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Arrows Up to contest court ruling that it must pay SandBox fraud damages

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Dry Bulk,

Arrows Up, a solutions provider for the bulk storage and transportation industry, has announced it will secure a stay against a ruling on October 3 by the Texas State Court that it must pay SandBox, a subsidiary of US Silica, US$49.2 million in damages for fraud and the breaching of a 2015 settlement agreement and 2014 confidentiality and non-disclosure agreement with SandBox.

The court also ruled that all Arrows Up frac sand shipping containers manufactured, sold or leased since January 2015 are actually the property of SandBox.

US Silica President and CEO, Bryan Shinn, said: "We're very happy with the outcome of this case. The ruling reaffirms the strength of Sandbox's intellectual property and its broad patent portfolio. As the leading provider of last-mile containerised solutions, our Sandbox unit continues to add customers and new product offerings that solidify its industry-leading position in this growing and dynamic market segment. We will strongly support an orderly transition from Arrows Up to Sandbox that minimises customer disruptions."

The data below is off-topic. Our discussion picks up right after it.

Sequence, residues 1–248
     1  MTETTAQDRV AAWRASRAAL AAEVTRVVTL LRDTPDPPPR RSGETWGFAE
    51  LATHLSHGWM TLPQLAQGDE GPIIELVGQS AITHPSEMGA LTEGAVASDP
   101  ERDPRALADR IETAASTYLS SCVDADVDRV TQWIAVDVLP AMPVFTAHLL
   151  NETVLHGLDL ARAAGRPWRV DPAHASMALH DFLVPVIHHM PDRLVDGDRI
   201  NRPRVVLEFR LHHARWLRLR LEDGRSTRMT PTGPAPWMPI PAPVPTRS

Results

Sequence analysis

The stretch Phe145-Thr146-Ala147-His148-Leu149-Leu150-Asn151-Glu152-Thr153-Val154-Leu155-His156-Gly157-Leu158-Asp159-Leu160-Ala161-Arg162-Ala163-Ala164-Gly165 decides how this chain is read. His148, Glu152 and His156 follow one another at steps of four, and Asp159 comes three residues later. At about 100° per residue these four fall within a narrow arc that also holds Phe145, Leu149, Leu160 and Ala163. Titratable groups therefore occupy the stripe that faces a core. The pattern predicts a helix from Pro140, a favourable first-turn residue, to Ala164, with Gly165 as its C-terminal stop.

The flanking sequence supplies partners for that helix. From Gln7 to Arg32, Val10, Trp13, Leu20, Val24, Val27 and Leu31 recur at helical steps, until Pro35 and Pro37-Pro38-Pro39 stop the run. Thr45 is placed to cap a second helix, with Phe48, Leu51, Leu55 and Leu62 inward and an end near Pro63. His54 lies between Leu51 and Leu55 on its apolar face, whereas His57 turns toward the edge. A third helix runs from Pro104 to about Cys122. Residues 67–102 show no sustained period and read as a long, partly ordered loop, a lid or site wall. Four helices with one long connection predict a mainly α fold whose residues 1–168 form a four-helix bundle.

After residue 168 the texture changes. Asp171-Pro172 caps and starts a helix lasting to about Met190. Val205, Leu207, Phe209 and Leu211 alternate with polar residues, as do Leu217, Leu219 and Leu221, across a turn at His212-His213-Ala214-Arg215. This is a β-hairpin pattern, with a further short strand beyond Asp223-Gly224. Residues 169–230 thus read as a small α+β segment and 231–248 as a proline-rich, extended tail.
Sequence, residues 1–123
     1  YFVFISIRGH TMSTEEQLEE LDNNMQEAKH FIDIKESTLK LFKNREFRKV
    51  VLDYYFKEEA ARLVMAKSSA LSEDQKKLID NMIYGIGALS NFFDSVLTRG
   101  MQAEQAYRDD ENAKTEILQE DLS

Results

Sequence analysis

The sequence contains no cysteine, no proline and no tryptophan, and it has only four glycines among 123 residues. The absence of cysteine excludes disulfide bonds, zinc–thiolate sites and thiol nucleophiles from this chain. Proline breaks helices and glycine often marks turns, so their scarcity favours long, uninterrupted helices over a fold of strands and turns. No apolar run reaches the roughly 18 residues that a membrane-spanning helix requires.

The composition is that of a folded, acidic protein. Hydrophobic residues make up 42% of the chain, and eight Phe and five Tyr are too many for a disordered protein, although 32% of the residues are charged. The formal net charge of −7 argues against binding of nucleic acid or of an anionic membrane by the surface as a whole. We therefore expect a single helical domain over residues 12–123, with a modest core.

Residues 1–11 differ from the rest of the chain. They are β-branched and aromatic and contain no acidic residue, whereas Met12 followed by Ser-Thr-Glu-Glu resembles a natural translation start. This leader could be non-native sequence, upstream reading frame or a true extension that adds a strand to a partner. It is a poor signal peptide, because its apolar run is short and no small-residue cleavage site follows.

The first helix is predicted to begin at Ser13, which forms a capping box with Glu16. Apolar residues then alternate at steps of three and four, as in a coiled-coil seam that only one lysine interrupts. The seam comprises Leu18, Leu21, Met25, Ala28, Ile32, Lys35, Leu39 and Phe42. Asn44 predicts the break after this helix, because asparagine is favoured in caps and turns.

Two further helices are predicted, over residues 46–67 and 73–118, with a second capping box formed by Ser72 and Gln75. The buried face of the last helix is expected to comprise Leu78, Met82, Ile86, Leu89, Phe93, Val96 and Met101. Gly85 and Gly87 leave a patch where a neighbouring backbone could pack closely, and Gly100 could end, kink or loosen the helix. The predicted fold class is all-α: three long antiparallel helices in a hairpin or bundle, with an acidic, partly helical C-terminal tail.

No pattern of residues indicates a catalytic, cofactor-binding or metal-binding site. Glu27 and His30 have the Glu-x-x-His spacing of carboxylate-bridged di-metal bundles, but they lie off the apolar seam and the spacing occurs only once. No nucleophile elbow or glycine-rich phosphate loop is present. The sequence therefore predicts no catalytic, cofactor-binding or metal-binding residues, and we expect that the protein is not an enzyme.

Kevin Shuba, CEO of Arrows Up’s managing affiliate OmniTRAX, said: “From the beginning, this lawsuit has been an attempt by SandBox to shut out competition [within the frac sands logistics industry] and we are committed to fighting for open competition within our industry while protecting our superior intellectual property claims.”

Arrows Up business operations are continuing while the company attempts to resolves the outstanding contract dispute in the Texas Court of Appeals.

“The lower court judgment is not enforceable until the appeals process is complete and it does not address the pivotal issue of contract enforceability,” added Shuba. “We remain convinced that the contract as written is an unenforceable restraint of trade and will seek relief in the Texas Court of Appeals.”

In addition to the Texas State Court appeal, Arrows Up is continuing its federal suit against SandBox to protect its intellectual property rights.

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